discharged into its own central cavity by the female anemone. When this is done a chemical
stimulant is released. The free swimming sperms of other anemones are attracted by this
stimulant and move into the mouth of the female and thence into the central cavity to
fertilize the eggs. The fertilized eggs remain in the female, develop, and, at a certain
stage "hatch" and swim out of the mouth of the female under their own power.
Stillman Berry of our club may have to verify this, but it is my understanding that the
reproduction in clams is similar to the reproduction in the anemones.
span of life has been so long that I witnessed, in my early childhood, the last of the
medicine shows. I can remember the vendor of some mysterious elixir holding up a bottle
that he professed contained a five foot tapeworm that had come out of the intestine of a
boy, a boy who had been treated with the all-powerful elixer that the "medicine
man" was vending. The bottle was passed around; it was repulsive and yet fascinating
to me. In my nightmarish sleep that night, I had convinced myself that there was not such
a creature as a tapeworm. (My mother had assured me that the medicine man was a fake.) It
was not until a course in physiology warned against under-cooked pork that I believed in
the existence of a tapeworm.
life cycle of the tapeworm is an interesting adaptation to sexual reproduction. The host
animal, the pig, in its routing, swallows fertilized eggs of the tapeworm. The eggs hatch
within the body of the host animal and develop
tapeworms. The head segments of the tapeworm have the male organs and tail pieces, the
female organs and the eggs. The mature sperms are set free into the intestine. They swim
down and are passed along by the natural contractions of the intestine until they find a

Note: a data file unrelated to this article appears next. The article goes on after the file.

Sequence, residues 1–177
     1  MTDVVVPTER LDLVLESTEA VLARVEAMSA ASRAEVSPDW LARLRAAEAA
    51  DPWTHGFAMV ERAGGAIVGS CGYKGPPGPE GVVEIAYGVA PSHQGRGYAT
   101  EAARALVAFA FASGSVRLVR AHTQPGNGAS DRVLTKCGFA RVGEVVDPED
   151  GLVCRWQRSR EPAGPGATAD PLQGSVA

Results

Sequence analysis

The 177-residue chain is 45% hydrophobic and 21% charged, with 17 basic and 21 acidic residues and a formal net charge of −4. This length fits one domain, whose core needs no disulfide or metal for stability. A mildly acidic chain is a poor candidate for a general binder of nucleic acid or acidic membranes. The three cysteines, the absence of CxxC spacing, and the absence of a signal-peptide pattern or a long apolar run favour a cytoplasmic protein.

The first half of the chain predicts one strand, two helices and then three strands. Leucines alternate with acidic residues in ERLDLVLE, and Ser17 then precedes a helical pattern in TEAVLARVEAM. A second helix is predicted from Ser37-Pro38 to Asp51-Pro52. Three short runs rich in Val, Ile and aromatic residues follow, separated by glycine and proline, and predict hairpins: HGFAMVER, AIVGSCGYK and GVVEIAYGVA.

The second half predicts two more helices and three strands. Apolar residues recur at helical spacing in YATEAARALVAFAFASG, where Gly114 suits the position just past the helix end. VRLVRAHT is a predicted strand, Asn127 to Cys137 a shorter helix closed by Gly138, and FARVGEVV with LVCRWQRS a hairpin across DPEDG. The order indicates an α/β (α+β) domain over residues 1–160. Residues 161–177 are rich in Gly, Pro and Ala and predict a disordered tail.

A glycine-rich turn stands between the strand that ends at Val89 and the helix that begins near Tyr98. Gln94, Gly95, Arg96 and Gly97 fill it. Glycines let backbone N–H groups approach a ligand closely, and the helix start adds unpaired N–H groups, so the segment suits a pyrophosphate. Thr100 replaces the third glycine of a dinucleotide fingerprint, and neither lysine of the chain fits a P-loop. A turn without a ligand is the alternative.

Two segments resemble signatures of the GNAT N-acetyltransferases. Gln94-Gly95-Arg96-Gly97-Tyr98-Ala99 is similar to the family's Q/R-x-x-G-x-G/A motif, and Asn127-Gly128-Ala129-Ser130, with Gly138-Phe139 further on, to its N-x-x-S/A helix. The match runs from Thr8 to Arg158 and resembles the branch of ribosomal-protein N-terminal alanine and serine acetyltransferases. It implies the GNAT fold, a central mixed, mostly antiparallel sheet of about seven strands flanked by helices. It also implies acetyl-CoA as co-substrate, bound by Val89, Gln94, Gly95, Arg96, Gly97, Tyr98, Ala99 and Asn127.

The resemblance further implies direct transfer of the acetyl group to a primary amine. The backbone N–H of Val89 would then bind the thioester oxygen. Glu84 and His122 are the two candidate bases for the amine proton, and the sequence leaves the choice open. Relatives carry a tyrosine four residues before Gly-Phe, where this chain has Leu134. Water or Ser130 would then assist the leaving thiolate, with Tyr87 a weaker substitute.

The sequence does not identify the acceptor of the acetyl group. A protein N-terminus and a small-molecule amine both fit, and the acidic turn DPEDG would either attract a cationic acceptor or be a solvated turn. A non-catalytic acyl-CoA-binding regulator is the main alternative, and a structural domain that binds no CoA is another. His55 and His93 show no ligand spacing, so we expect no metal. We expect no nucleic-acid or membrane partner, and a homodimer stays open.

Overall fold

tail segment of a tapeworm that is full of mature eggs. Fertilization takes place in this
segment; the segment breaks off from the parent animal and is passed out of the host's
body to the ground. And the cycle starts again.
fertilization of the eggs by the sperms seems to be internal fertilization. (It is
internal to the pig.') It is not internal fertilization. In true internal fertilization,
the male places the sperm into the female's tract. In true internal fertilization, while
it may not seem so to human eyes and human values, some sort of preliminary courtship is
fertilization is possible only if there is a cooperative female even within the lower
animals, the invertebrates. The female must be wooed by the male into cooperation, into a
willingness to mate. As a part of this courtship, the female must be maneuvered into a
position where she can receive the sperm from the male. Courtship is necessary to have
the female both willing and able to have internal fertilization.
are many forms that courtship and internal fertilization take. An unusual type of
courtship is that of the mole crab:
mole crabs of the Atlantic Coast go through a ritual which induces the female crab to stay
still long enough for the male to deposit his sperms. One pair of the male's legs are
adapted for holding on to the female. When the female comes out of her burrow he holds on
to the female long enough for him to weave a ribbon full of sperms on her underside. When
the female lays her eggs they come into contact with the sperms in the ribbon. While this
ritual is a form of courtship, it is not true internal fertilization.
have a different type of courtship from crabs. The sperms are not placed in ribbons on the
female's underside. "During mating, they are transferred into a special receptacle in
the female's body where they are stored until she lays her eggs. To get these sperms
stored is a difficult procedure. Through a courtship procedure, the male gets the female
to lie on her back. He locks her legs and pincers with his large claws. His first pair of
swimmerets have been formed into a duct. These are placed into the female's receptacles.
The male has to use a pair of his walking legs to direct these modified swimmerets into